Rapid testing for big 6 shiga toxin E. coli in slaughterhouses

Six major Shiga toxin producing Escherichia coli (STEC) serogroups: O26, O103, O145, O111, O121, and O45 have been declared as adulterants in federally inspected raw beef in the USA effective June 4th, 2012 in addition to the routinely tested STEC O157: H7. This study tests a real-time multiplex PCR assay and pooling of the samples to optimize the detection and quantification (prevalence and contamination) of six major non-O157 STEC, regardless of possessing Shiga toxins.

imagesTo demonstrate the practicality, one large-scale slaughter plant (Plant LS) and one small-scale slaughter plant (Plant SS) located in the Mid-Western USA were sampled, in 2011, before the establishment of 2013 USDA laboratory protocols. Carcasses were sampled at consecutive intervention stations and beef trimmings were collected at the end of the fabrication process. Plant SS had marginally more contaminated samples than Plant LS (p-value 0.08). The post-hide removal wash, steam pasteurization, and lactic acid (≤5%) spray used in Plant LS seemed to reduce the six serogroups effectively, compared to the hot-water wash and 7-day chilling at Plant SS.

Compared to the culture isolation methods, quantification of the non-O157 STEC using real-time PCR may be an efficient way to monitor the efficacy of slaughter line interventions.

Evaluating the efficacy of beef slaughter line interventions by quantifying the six major non-O157 Shiga toxin producing Escherichia coli serogroups using real-time multiplex PCR

Food Microbiology, Volume 63, May 2017, Pages 228-238, DOI: http://dx.doi.org/10.1016/j.fm.2016.11.023

KST Kanankege, KS Anklam, CM Fick, MJ Kulow, CW Kaspar, BH Ingham, A Milkowski, D Döpfer


Only 1 deadly strain of E. coli is illegal, but that may change

Elizabeth Weise writes in the USA Today today or tomorrow that a growing chorus of lawmakers, food-safety and consumer advocates are is demanding the six other non-O157 shiga toxin producing E. coli strains – the Big 6 – be declared illegal in meat as E. coli O157:H7 was in 1994. And edited version of the story is below.

In the absence of specific federal oversight, however, some companies have begun their own testing for these pathogens to protect consumers and their own bottom lines.

First out of the chute was Costco, which began testing its ground beef two months ago. Beef Products Inc., the nation’s largest supplier of lean beef, began testing on July 18.

There’s also movement in the produce and leafy greens world, where multiple producers and retailers have been testing for E. coli O157:H7 since the spinach outbreak that almost wiped out the leafy green vegetable market in 2006.

In the past few months, newly available tests have made it possible to check for a broader number of the microbes and they now include the harmful group of E. coli strains beyond O157:H7 known as the Big Six.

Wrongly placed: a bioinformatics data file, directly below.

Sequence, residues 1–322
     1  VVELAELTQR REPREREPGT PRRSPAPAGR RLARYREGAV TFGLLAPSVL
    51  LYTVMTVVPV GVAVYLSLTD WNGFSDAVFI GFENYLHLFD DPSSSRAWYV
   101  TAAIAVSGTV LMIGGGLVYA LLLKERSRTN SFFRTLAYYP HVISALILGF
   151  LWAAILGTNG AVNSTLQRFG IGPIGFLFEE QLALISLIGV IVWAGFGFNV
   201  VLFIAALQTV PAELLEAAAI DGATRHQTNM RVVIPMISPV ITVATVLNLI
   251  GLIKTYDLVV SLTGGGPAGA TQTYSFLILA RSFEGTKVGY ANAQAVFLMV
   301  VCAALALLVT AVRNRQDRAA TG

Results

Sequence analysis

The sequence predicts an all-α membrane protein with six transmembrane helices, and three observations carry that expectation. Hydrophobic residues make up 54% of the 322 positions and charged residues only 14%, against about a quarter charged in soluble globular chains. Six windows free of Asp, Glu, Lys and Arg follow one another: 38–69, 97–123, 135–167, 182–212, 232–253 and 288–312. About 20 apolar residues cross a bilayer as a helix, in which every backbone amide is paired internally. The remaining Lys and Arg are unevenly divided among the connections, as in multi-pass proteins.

The reasons these bugs aren’t currently regulated are a mix of politics, money and plain biology — the bacteria are constantly evolving and turning up new and nastier forms, making writing rules about them a bit of a nightmare.

For example, the German E. coli variant that sickened more than 4,075 in Europe and killed 50, including one Arizona resident who traveled to Germany, wasn’t known before this spring (and is not part of the Big 6).

As it stands now, any meat that tests positive for the O157:H7 form of E. coli has to be removed from the market. But for other types of E. coli that are known to harm humans, it takes an illness to trigger a recall, says Nancy Donley, of STOP Foodborne Illness, a food-safety advocacy group started by parents who’ve lost children to these pathogens. "This is clearly not as it should be," she says.

The push to get these debilitating but non-O157:H7 forms of E. coli regulated has been coming for a long time. The Centers for Disease Control and Prevention has long required they be reported.

But as tests become available, some companies aren’t waiting for the feds to act. In the last six months, test kits for leafy greens have become available for the Big Six E. coli variants from IEH Laboratories in Lake Forest Park, Wash.; DuPont Qualicon in Wilmington Del.; and BioControl Systems in Bellevue, Wash.; and others are in the works. For ground beef, they’re in late testing phase or became available in the past two months. In just the past two weeks, tests for the German E. coli O104:H4 variant hit the market.

IEH Laboratories has been testing for a broad range of these pathogenic E. colis for years now. "We had been finding a lot of these things in products right and left," says President Mansour Samadpour.

A table of non- E. coli O157 STEC outbreaks is available at http://bites.ksu.edu/nonO157outbreaks